World War II 1939–1945 global war

World War II, also known as the Second World War, was a global war that lasted from 1939 to 1945. The vast majority of the world's countries—including all the great powers—eventually formed two opposing military alliances: the Allies and the Axis. A state of total war emerged, directly involving more than 100 million people from over 30 countries. The major participants threw their entire economic, industrial, and scientific capabilities behind the war effort, blurring the distinction between civilian and military resources. World War II was the deadliest conflict in human history, marked by 50 to 85 million fatalities, most of whom were civilians in the Soviet Union and China. It included massacres, the genocide of the Holocaust, strategic bombing, premeditated death from starvation and disease, and the only use of nuclear weapons in war.

Imperial Japanese Army Official ground-based armed force of the Empire of Japan, from 1868 to 1945

The Imperial Japanese Army was the official ground-based armed force of the Empire of Japan from 1868 to 1945. It was controlled by the Imperial Japanese Army General Staff Office and the Ministry of the Army, both of which were nominally subordinate to the Emperor of Japan as supreme commander of the army and the navy. Later an Inspectorate General of Aviation became the third agency with oversight of the army. During wartime or national emergencies, the nominal command functions of the emperor would be centralized in an Imperial General Headquarters (IGHQ), an ad-hoc body consisting of the chief and vice chief of the Army General Staff, the Minister of the Army, the chief and vice chief of the Naval General Staff, the Inspector General of Aviation, and the Inspector General of Military Training.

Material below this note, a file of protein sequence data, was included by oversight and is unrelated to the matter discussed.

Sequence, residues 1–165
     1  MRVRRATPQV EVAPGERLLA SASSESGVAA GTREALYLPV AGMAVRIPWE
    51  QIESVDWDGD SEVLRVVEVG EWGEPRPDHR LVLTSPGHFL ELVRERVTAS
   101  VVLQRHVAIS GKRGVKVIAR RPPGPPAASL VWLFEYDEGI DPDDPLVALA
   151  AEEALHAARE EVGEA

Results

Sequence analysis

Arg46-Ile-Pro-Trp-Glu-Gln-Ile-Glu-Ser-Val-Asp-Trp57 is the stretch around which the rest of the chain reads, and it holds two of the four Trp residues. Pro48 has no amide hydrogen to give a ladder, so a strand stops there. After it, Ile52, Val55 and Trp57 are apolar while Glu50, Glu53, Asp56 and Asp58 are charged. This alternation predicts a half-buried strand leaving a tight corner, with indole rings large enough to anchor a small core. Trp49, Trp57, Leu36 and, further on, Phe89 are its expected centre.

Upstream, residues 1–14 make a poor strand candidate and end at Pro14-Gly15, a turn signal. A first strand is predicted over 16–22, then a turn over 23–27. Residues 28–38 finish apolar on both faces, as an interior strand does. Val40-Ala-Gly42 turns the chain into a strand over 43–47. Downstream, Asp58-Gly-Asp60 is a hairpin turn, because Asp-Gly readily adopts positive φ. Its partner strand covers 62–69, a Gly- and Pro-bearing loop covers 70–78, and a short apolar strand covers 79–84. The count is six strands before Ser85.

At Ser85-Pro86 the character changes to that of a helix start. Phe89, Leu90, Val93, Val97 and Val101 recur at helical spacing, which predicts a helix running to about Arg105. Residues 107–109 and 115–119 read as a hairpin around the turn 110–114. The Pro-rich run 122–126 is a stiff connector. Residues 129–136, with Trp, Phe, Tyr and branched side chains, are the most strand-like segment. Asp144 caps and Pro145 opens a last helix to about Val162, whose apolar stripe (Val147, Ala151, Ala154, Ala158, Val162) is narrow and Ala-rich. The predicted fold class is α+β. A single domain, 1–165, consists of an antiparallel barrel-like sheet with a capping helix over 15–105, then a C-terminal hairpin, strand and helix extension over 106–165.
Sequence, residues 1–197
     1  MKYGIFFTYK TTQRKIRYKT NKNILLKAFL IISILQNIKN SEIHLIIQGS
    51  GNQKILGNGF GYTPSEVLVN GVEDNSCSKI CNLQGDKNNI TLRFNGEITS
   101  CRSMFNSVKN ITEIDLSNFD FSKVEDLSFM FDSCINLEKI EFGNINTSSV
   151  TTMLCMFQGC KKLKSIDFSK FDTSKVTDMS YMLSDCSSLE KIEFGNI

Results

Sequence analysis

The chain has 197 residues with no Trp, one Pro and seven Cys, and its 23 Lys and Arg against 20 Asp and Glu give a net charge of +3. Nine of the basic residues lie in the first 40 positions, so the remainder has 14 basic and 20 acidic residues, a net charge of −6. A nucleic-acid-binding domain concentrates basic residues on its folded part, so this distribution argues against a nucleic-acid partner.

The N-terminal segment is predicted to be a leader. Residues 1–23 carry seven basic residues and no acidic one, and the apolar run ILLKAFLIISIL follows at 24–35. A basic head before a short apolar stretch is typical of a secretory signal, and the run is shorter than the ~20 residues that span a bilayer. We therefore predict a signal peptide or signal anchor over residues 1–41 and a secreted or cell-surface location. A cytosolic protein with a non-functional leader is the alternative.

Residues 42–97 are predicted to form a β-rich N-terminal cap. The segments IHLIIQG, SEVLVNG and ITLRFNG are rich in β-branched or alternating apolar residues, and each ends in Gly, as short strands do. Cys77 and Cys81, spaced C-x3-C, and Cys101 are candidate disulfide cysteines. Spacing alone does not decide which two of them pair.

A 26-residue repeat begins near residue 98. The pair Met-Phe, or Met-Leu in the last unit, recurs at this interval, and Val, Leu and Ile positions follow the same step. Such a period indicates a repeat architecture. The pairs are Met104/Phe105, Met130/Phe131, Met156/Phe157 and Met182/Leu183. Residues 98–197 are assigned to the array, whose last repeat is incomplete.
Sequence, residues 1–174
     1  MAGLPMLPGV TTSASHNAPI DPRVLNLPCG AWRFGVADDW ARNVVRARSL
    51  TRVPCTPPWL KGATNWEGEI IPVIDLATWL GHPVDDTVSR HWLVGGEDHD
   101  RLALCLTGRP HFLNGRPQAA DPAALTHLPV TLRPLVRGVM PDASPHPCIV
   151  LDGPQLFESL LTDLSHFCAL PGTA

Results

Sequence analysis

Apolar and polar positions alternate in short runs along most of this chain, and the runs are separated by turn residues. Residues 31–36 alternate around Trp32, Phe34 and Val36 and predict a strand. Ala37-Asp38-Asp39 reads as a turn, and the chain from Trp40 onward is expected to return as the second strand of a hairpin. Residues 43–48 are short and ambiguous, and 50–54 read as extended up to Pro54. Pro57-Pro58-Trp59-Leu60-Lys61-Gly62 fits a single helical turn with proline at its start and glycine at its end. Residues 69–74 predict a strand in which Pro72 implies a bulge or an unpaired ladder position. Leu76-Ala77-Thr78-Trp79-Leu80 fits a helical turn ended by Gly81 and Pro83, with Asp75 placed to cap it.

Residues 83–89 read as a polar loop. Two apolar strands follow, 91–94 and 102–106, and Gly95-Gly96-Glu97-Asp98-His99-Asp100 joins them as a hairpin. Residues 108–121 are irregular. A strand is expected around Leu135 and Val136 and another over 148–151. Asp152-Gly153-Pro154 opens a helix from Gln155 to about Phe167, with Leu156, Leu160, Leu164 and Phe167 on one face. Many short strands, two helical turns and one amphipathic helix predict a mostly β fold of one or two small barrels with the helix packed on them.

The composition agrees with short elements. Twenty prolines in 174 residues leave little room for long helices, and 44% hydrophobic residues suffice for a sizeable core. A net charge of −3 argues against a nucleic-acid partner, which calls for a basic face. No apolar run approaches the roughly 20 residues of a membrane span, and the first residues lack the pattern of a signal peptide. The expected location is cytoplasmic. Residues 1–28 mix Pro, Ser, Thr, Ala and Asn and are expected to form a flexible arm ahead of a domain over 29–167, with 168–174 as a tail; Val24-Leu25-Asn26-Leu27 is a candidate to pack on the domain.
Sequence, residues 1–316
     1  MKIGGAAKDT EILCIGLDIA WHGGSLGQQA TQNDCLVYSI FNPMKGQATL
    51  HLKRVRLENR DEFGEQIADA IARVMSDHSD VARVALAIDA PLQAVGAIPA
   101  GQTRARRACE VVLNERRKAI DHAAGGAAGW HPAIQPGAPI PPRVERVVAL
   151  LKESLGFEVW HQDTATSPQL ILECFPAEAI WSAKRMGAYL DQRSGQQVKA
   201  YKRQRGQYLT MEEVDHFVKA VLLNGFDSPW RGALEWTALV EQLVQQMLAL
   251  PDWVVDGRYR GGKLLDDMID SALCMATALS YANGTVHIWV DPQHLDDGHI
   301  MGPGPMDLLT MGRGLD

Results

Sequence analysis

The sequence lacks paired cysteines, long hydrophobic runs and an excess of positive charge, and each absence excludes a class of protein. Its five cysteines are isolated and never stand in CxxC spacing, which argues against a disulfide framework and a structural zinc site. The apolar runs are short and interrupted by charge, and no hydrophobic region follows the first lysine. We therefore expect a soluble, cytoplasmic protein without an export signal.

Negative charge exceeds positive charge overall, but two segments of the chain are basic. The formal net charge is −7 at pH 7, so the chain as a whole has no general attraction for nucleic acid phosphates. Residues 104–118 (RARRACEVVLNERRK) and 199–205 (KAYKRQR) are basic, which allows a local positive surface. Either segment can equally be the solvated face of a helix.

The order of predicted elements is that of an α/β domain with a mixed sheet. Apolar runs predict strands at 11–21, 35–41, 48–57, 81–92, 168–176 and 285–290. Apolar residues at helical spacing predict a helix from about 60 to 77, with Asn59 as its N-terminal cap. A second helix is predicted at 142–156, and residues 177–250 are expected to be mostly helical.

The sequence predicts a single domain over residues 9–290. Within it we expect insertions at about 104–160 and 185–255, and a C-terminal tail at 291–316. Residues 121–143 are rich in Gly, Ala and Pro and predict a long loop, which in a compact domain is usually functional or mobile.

Contents

Occupation

In May 1942, the Japanese began a campaign against Midway, their objective being to occupy the islands and destroy the remaining United States Navy forces in the Pacific. In order to deceive the American Pacific Fleet, an attack was ordered to take place in the Aleutians, thus beginning the Aleutian Islands Campaign. During the Battle of Midway, Japanese forces were repulsed in a decisive action, meanwhile on 6 June, Japanese naval forces under Boshirō Hosogaya landed troops unopposed at Kiska and Attu islands. A force consisting of 1,140 infantry under Major Matsutoshi Hosumi took control of the island and captured Attu’s population, which consisted of 45 Aleuts and two white Americans, Charles Foster Jones (1879-1942), an amateur radio operator and weather reporter, originally from St. Paris, Ohio, and his wife Etta (1879-1965), a teacher and nurse, originally from Vineland, New Jersey. [1] The village consisted of several houses around Chichagof Harbor.